BROWN (US) — While a one-size-fits-all solution to protecting the nation’s waters doesn’t exist, local individual practices in combination could create an effective national ocean-management policy.
The question of planning uses for America’s coastal waters has gained importance since President Barack Obama formed the National Ocean Council in July 2010 and charged it with developing an ecosystem based stewardship policy for the nation’s oceans, coastal waters, and the Great Lakes.
Recommendations from a team of natural and social scientists for a national marine protection effort is reported in the journal Conservation Letters.
“Every project is engaged in some new and effective ecosystem-based practices, but none of them is doing them all,” says Leila Sievanen, postdoctoral researcher in environmental studies at Brown University and the paper’s lead author. “Together, though, they are demonstrating what could work on the national level.”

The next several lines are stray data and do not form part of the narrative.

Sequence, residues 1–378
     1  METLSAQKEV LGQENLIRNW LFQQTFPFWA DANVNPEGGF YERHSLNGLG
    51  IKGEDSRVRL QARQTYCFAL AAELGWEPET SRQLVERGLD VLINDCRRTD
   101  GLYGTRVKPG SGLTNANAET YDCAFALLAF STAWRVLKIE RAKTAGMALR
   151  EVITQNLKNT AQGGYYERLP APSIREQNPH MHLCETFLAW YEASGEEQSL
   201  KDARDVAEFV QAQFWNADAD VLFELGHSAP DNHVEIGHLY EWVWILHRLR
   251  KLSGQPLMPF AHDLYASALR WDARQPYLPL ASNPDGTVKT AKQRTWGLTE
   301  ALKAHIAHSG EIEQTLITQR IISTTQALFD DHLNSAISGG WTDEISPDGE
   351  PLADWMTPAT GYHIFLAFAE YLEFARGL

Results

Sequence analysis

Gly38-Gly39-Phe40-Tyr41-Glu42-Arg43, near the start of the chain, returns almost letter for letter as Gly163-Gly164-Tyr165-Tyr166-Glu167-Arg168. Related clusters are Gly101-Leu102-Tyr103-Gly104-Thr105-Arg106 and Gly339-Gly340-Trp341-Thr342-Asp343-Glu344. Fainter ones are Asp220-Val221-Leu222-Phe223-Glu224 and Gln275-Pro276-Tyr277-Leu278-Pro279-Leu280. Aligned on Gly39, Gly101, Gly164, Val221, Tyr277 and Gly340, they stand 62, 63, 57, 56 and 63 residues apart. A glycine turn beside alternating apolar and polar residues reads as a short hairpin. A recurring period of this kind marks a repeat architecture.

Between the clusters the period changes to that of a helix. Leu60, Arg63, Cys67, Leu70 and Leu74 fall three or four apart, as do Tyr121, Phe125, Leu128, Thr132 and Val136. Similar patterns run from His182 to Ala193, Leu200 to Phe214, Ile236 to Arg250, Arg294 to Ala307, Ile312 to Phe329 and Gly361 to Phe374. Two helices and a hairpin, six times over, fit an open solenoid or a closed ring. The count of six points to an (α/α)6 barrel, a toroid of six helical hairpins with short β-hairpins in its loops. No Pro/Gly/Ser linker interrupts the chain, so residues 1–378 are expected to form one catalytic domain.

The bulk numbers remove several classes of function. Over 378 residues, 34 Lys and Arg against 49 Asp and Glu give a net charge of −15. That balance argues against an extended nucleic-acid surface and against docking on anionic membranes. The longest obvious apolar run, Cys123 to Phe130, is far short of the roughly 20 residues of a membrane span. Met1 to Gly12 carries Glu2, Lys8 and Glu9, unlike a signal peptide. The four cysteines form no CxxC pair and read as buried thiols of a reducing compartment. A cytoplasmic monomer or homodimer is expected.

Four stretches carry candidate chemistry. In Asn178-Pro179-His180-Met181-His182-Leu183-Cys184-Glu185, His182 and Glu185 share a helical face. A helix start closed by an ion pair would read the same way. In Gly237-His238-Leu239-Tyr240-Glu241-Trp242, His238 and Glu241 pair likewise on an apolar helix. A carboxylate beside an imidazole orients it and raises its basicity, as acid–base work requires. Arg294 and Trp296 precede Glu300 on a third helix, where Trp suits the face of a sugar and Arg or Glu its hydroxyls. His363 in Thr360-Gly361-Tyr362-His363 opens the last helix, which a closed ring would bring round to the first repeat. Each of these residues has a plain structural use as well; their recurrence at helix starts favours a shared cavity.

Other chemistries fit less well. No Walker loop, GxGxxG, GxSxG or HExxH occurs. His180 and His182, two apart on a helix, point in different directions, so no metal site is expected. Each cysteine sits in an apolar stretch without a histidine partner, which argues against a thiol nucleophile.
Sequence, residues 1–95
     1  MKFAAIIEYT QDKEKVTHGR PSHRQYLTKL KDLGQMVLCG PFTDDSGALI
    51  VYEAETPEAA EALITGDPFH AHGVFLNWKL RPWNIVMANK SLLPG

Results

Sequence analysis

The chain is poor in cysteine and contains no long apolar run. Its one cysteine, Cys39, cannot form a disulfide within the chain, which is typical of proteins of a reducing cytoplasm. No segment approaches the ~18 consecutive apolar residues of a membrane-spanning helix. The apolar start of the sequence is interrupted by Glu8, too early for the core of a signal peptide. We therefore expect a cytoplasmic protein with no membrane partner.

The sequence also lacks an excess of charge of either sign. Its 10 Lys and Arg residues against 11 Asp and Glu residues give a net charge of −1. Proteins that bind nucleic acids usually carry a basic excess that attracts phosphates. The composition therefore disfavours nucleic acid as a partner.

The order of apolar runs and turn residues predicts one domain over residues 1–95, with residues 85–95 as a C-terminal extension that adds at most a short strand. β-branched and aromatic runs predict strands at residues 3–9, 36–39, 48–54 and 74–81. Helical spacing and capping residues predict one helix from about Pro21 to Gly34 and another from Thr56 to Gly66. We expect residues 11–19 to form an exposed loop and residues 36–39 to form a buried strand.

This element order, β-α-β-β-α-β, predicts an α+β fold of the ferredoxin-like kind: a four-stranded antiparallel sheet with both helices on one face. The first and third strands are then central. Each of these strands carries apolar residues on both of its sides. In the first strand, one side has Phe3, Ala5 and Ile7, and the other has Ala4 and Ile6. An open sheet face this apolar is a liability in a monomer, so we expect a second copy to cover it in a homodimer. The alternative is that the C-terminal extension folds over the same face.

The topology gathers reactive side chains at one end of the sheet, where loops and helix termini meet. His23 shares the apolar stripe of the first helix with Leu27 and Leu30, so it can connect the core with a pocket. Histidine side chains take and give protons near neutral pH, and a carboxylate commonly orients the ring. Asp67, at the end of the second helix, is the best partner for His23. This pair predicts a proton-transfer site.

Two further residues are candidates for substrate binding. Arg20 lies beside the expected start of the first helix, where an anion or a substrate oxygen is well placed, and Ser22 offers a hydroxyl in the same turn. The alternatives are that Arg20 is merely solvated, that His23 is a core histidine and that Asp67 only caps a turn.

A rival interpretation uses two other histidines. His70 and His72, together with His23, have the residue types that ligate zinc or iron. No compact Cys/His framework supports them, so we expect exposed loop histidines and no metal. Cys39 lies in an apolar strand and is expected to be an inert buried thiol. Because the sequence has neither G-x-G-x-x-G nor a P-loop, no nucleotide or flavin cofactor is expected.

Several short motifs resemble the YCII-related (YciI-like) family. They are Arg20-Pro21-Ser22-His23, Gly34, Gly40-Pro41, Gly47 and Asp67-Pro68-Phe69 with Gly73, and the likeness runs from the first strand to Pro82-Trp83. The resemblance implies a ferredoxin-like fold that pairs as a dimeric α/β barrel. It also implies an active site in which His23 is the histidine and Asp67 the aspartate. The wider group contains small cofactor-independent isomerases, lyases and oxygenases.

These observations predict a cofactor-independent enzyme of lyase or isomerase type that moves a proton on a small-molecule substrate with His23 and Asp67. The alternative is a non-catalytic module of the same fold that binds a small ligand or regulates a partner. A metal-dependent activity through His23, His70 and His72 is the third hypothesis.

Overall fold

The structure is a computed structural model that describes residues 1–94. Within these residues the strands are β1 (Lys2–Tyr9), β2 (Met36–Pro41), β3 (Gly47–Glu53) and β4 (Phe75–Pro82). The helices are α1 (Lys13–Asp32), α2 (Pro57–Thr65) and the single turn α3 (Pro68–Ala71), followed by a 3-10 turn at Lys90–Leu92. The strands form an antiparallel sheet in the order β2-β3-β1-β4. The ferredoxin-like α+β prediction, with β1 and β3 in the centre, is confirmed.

The executive order stipulates “for the first time a comprehensive, integrated national policy for the stewardship of the ocean, our coasts and Great Lakes, which sets our nation on a path toward comprehensive planning for the preservation and sustainable uses of these bodies of water.”
The National Ocean Council is expected to release a series of draft strategic action plans this summer.
The paper reports several practices that have been successful in the field. Including these elements in ocean planning will help bridge the gap between government regulations and grassroots efforts.
“Many of the best practices we’ve observed come from local groups,” says Heather Leslie, assistant professor of environmental studies and biology at Brown. “We expect that as the National Ocean Policy moves forward, these local efforts will continue to serve as a model for how to more proactively manage America’s oceans.”
Researchers from Duke University, the University of Michigan, and Oregon State University contributed to the study, that was funded by the David and Lucile Packard Foundation.
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